Read more.

The Ohio State University Comprehensive Cancer Center – James Cancer Hospital and Solove Research Institute

The Ohio State University Comprehensive Cancer Center – Arthur G. James and Richard J. Solove Research Institute (OSUCCC – James) has established a new center dedicated to maintaining and expanding the legacy of the late Clara D. Bloomfield, MD, a distinguished university professor who dedicated her research career toward acute myeloid leukemia and acute lymphoblastic leukemia. The center will be initially supported by a $5 million commitment from the OSUCCC – James. The new Clara D. Bloomfield Center for Leukemia Outcomes Research at the OSUCCC-James will focus on research in hematologic malignancies, including acute leukemias, myelodysplastic syndromes and clonal hematopoiesis.

Read more.

Penn State Cancer Institute

Cancer cases in adolescents and young adults have risen by 30% during the last four decades, with kidney cancer rising at the greatest rate, according to Penn State College of Medicine researchers. Results of their study of cancer patients, ages of 15 to 39, across more than four decades, showed that cancer diagnoses increased from 57 to 74 per 100,000 adolescents and young adults between 1973 and 2015. The results of the study were published on Dec. 1 in JAMA Network Open. Nicholas Zaorsky, MD, MS, assistant professor of radiation oncology and public health sciences, said that cancer is the leading cause of disease-related death in this age group and that the increasing number of cases is concerning.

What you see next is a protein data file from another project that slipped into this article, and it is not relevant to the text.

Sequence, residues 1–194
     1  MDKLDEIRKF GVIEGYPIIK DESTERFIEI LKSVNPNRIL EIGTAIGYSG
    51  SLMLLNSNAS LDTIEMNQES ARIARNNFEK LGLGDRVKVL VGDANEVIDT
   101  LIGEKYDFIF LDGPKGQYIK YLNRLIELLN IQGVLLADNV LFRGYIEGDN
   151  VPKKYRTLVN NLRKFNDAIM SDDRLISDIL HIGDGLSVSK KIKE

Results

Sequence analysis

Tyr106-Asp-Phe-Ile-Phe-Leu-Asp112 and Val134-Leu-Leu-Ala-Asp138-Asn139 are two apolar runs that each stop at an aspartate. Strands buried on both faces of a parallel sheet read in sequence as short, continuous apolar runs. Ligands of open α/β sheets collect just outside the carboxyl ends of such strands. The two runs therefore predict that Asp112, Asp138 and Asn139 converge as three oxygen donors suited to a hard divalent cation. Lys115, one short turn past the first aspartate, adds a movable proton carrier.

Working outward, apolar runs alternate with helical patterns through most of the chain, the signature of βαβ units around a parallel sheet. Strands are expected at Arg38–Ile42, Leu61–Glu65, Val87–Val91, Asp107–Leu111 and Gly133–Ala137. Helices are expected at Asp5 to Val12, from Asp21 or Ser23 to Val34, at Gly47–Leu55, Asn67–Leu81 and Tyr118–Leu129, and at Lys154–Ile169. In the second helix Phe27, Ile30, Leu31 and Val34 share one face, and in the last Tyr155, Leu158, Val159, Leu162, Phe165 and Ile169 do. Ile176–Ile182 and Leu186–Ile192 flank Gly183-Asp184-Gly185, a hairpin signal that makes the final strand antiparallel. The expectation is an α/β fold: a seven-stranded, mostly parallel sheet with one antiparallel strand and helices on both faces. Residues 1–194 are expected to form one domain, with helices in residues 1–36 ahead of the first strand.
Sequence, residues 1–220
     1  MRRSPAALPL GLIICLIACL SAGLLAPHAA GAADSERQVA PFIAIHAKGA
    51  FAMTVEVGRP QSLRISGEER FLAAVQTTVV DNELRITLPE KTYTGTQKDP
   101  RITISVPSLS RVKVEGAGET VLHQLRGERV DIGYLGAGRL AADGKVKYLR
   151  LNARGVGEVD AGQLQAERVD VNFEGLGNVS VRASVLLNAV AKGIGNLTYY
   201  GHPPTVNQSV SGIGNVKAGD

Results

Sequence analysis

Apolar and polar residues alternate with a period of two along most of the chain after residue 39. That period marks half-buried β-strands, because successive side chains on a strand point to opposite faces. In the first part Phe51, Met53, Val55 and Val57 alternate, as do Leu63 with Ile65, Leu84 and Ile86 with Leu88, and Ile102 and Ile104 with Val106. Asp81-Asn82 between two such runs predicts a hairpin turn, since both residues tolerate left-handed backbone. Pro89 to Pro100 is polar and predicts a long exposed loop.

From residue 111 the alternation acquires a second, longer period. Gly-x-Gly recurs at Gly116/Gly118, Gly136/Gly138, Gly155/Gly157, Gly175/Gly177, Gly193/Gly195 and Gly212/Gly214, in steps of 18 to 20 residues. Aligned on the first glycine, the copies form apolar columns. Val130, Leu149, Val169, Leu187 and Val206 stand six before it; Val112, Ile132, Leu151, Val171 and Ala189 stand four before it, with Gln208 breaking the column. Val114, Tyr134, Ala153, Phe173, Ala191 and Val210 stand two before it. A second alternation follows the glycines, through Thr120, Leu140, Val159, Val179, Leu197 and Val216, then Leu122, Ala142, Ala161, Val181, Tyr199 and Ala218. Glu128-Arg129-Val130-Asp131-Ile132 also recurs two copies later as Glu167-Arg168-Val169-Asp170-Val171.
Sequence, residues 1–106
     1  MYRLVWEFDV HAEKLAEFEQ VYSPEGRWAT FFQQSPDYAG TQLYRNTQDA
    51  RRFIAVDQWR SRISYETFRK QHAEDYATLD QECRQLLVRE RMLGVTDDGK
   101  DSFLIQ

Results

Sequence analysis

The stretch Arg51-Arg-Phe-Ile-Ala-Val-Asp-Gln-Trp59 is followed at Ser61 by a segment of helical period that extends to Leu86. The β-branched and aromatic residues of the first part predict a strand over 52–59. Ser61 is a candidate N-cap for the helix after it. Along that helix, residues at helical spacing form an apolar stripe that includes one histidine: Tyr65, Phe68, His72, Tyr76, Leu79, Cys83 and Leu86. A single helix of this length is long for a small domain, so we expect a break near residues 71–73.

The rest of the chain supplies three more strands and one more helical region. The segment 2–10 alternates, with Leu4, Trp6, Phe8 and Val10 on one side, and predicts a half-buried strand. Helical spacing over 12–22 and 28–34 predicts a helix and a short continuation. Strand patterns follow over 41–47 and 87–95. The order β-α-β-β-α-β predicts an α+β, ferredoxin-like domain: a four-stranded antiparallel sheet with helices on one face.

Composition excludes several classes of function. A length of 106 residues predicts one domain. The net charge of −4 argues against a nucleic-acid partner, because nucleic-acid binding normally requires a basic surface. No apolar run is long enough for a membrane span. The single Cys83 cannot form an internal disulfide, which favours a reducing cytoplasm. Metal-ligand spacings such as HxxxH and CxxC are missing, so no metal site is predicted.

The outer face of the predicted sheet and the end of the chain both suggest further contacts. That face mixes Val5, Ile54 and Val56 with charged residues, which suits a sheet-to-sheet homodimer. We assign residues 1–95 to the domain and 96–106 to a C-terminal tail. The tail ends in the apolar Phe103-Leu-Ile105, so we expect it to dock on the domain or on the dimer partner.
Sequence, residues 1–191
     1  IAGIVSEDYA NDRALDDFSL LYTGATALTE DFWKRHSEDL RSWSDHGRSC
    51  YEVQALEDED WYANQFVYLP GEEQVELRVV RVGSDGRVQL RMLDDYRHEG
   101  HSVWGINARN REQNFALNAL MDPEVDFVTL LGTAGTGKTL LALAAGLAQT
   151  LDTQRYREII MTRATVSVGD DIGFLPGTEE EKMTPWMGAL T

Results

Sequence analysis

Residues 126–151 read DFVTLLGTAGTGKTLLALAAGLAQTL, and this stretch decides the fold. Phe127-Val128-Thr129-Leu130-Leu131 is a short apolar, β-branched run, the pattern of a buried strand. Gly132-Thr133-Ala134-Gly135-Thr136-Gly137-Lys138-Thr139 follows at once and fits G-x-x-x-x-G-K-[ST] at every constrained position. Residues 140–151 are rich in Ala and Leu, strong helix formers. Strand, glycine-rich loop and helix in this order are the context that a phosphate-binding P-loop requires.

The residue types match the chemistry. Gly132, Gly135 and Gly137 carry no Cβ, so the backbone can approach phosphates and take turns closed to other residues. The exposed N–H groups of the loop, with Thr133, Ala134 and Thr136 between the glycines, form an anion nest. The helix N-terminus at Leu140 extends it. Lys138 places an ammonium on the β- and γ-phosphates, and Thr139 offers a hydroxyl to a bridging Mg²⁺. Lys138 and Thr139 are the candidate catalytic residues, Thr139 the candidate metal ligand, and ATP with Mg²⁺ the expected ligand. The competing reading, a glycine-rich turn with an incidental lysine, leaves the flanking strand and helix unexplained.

Read more.

Purdue University Center for Cancer Research